4. Comitato Etico Independente - Azienda Ospedaliero- Universitaria “Consorziale Policlinico”, 10/02/2017, ref: 5180
Interventional prospective multi-center single-arm early feasibility study
Primary study design
Secondary study design
Non randomised study
Patient information sheet
Not available in web format, please use the contact details below to request a patient information sheet
Drug refractory symptomatic paroxysmal atrial fibrillation
Patient will undergo atrial fibrillation ablation procedure using the novel radiofrequency catheter. The intervention involves introduction of the study RF catheter, ablation of targeted pulmonary veins (PVs) and confirmation of entrance block in all targeted PVs using a diagnostic catheter. The duration of the intervention, including procedure preparation, time lasts anywhere from two to four hours or more.
There are a total of 3 follow-up visits over the 3 month follow-up period for all participants.
Primary outcome measure
Occurrence of primary adverse events* within 7 days of the ablation procedure is measured by an assessment by the doctor either via telephone or in-clinic who will check the patient’s overall status and whether or not any primary adverse events have occurred since the ablation procedure, 7 days post-ablation.
*Primary adverse events include: Cardiac Tamponade/Perforation, Death, Diaphragmatic Paralysis, Heart Block, Myocardial Infarction, Pericarditis, Pneumothorax, Pulmonary Edema, Stroke/Cerebrovascular Accident, Thromboembolism, Transient Ischemic Attack, Vascular Access Complication, Atrio-Esophageal Fistula, and Pulmonary Vein Stenosis.
Secondary outcome measures
1. Serious adverse events and other adverse events are assessed by the doctor at the 30-day peri-procedural clinic visit and 3 months post-procedure
2. PV stenosis rate is assessed using CT/MRA pre-ablation and 3 months
3. Incidence of pre- and post-ablation asymptomatic cerebral emboli is assessed using cerebral MRI pre-ablation and pre-discharge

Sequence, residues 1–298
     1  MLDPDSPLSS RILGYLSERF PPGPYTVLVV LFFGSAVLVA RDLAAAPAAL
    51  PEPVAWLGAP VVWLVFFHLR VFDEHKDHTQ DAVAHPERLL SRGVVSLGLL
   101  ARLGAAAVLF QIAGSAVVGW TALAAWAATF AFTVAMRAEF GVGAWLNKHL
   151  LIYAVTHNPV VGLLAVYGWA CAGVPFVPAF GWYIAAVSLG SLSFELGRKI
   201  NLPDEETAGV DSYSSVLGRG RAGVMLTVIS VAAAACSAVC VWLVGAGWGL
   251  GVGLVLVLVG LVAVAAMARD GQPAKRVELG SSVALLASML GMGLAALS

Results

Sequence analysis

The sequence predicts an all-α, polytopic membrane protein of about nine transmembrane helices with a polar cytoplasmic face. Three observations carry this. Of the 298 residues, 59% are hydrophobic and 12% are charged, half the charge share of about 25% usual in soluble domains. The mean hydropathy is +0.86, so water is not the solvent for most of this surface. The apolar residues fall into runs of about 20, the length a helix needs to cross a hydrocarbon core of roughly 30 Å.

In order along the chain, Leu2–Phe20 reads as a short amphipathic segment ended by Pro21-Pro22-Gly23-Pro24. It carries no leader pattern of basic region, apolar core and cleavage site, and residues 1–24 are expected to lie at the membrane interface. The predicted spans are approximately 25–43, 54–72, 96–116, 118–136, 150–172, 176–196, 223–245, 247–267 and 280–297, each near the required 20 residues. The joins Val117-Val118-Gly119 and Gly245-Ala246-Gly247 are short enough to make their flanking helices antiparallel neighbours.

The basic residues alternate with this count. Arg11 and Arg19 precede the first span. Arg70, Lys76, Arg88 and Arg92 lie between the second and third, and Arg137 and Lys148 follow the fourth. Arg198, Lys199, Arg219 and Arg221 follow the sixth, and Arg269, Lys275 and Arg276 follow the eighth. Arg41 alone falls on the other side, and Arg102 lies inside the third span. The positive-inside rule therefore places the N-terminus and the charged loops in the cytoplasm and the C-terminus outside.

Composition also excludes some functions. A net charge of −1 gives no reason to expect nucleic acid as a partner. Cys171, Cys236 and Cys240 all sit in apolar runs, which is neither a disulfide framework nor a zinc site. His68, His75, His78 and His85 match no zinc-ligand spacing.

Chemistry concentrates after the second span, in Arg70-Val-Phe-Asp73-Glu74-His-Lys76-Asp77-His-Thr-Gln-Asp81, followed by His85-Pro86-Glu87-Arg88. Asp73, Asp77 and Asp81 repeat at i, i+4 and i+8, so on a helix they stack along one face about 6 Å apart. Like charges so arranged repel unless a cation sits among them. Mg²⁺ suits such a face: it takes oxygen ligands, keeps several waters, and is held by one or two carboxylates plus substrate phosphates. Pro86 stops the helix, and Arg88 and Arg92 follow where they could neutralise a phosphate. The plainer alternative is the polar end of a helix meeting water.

4. Incidence of new or worsening neurologic deficits is assessed using a neurological assessment pre and post-ablation
5. Incidence of post-ablation esophageal lesion/injury is assessed using an endoscopy within 48 hours post-ablation
Overall trial start date
Overall trial end date
Reason abandoned (if study stopped)
Participant inclusion criteria
1. Symptomatic paroxysmal atrial fibrillation with at least one documented atrial fibrillation episode within one year prior to enrollment
2. Failed at least one antiarrhythmic drug (class I or III)
3. Pre-procedural anticoagulation on warfarin, rivaroxaban or apixaban. If receiving warfarin therapy, patients must agree to take warfarin for at least 4 weeks prior to the scheduled ablation procedure.
4. Age 18 years or older
5. Able and willing to comply with all pre-, post- and follow-up testing and requirements (e.g. Patient not confined by a court ruling)
6. Signed Patient Informed Consent Form
Target number of participants
Up to 40
Participant exclusion criteria
1. Atrial fibrillation secondary to electrolyte imbalance, thyroid disease, or reversible or non-cardiac cause
2. Previous surgical or catheter ablation for atrial fibrillation
3. Previously diagnosed with persistent or longstanding atrial fibrillation
4. Any percutaneous coronary intervention (PCI), cardiac surgery, or valvular cardiac surgical or percutaneous procedure (e.g. ventriculotomy, atriotomy) within the past 2 months